Furthermore, on the topic of Names and abbreviations, let’s set a few things straight. Nigerzie is actually spelt Nigezie and is not an abbreviation for Nigeria. It’s a TV Show, much like Soundcity or Hip TV, except they choose to incorporate “representing Nigeria” in their name. It’s like the “United Colors of Bennetton”, or DKNY, both companies that choose to represent their locations or origins in their name. Also, for the record, Gidi doesn’t mean Nigeria either. It’s a term for Lagos... coined from “Las Gidi”. And as far as the popular term “Naija” goes, who remembers Shina Peters singing “? Naija lo wa yi o o o, wa jo, afro juju lo gb’ode ?” I hate to point out that our generation did not come up with that term... the “golden age” that you long for did.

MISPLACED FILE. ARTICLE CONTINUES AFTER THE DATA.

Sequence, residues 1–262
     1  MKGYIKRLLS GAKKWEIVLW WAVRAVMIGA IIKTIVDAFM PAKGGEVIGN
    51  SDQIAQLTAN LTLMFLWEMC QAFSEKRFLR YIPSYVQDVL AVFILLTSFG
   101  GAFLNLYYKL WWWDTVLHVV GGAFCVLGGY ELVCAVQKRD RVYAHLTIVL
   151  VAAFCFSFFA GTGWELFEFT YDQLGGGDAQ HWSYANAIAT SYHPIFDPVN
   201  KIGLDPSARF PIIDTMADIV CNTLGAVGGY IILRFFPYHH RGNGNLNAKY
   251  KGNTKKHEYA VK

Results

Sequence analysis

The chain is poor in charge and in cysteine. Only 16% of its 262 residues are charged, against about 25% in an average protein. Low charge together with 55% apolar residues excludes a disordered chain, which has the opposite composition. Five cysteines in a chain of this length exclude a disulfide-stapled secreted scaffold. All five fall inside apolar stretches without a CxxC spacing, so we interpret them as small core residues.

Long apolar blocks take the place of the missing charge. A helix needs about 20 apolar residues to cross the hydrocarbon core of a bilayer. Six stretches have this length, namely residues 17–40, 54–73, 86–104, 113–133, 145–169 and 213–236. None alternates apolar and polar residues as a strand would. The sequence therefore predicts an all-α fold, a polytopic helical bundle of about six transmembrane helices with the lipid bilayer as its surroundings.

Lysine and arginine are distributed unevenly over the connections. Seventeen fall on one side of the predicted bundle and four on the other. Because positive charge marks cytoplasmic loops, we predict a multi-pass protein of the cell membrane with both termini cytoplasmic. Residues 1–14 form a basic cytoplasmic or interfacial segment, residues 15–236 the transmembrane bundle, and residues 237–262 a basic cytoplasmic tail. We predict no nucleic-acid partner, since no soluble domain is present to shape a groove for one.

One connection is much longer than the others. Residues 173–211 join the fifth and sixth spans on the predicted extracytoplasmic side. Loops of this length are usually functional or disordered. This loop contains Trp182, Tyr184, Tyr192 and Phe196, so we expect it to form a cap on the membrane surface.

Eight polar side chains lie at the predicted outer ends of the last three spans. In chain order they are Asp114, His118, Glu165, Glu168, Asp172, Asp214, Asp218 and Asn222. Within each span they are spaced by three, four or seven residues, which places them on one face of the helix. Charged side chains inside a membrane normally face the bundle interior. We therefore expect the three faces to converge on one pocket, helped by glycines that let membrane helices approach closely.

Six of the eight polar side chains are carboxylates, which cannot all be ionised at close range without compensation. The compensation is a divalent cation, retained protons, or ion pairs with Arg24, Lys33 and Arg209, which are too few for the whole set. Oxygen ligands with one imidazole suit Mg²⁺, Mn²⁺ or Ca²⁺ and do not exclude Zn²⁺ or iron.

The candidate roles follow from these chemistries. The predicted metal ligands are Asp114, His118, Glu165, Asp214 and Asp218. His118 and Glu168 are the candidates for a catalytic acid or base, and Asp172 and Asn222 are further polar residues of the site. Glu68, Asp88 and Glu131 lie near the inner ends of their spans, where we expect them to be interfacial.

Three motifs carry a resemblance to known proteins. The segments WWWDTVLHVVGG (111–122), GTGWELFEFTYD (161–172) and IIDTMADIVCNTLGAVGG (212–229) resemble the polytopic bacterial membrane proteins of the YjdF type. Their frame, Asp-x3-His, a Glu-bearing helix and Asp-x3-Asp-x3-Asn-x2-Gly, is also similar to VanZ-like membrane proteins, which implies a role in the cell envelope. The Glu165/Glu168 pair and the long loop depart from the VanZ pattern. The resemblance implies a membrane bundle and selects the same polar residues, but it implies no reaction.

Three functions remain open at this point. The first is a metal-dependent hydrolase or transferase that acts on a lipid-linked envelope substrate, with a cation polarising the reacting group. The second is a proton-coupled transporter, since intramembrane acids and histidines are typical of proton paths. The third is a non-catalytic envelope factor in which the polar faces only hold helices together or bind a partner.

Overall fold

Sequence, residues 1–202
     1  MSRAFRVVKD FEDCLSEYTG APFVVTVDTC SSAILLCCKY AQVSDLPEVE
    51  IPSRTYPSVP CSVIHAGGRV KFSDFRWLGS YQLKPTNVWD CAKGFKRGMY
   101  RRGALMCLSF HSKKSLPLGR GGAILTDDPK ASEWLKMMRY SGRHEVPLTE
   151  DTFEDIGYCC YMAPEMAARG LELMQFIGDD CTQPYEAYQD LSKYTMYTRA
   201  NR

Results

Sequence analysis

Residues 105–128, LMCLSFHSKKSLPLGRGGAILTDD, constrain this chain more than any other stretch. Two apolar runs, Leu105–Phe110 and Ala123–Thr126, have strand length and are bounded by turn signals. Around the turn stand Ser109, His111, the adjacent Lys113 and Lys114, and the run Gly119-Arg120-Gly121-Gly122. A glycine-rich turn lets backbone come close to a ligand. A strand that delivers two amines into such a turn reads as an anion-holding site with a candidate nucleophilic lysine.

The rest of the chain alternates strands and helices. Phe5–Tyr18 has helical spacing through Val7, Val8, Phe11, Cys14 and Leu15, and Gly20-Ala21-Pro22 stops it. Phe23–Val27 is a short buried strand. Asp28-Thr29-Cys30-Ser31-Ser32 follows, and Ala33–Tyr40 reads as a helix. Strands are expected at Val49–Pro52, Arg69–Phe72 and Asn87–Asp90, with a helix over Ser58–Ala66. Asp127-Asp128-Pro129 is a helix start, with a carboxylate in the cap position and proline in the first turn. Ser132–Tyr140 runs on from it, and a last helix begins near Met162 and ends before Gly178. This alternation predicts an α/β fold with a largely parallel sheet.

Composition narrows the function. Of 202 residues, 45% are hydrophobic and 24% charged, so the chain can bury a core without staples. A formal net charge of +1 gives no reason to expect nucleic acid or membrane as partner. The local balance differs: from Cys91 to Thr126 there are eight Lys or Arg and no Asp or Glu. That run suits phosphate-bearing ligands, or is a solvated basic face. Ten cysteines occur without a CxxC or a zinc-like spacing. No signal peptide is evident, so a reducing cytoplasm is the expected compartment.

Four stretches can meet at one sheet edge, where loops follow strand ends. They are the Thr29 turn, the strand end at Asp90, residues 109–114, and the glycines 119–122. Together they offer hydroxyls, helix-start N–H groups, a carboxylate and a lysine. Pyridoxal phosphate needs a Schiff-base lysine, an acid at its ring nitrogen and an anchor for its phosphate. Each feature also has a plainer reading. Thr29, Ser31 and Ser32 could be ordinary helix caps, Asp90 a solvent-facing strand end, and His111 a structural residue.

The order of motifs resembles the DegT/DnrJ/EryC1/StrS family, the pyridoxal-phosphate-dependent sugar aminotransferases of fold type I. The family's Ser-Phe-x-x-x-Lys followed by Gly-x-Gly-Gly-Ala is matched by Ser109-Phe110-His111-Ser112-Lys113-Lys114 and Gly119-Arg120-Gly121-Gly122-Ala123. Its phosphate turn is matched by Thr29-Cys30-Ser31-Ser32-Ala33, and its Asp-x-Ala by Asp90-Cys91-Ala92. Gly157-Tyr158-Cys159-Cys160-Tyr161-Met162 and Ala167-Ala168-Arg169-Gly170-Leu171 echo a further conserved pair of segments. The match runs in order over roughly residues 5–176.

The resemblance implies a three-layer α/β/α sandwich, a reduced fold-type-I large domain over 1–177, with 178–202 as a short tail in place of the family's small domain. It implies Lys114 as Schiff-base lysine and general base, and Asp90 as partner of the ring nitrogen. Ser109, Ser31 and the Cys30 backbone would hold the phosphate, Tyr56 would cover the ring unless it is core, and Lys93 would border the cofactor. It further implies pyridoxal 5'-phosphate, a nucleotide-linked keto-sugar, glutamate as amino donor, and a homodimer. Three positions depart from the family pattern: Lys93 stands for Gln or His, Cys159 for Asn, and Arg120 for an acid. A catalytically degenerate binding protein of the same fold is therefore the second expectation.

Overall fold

A quick look at all the reference names of artistes and songs mentioned in the article goes to show that the author was sadly way off base in his accusations and examples. For instance, to make a point on how today’s Nigerian artistes lyrics are meaningless and prurient, he referenced the Rooftop MC’s song “La Gi Mo”. What he failed to realize or crosscheck, is that the said song is probably one of the most meaningful and important songs that have been released in the last few years on the Nigerian music scene. The Rooftop MC’s are actually a Rap Group that leans to the Gospel or at least ‘socially conscious’ side of music, and their songs always have a positive message. That song itself talks about the errors we make by trying to take God’s glory for our success... getting caught up in the limelight and asking God to bring you back to reality to know that HE deserves the praise for where you are.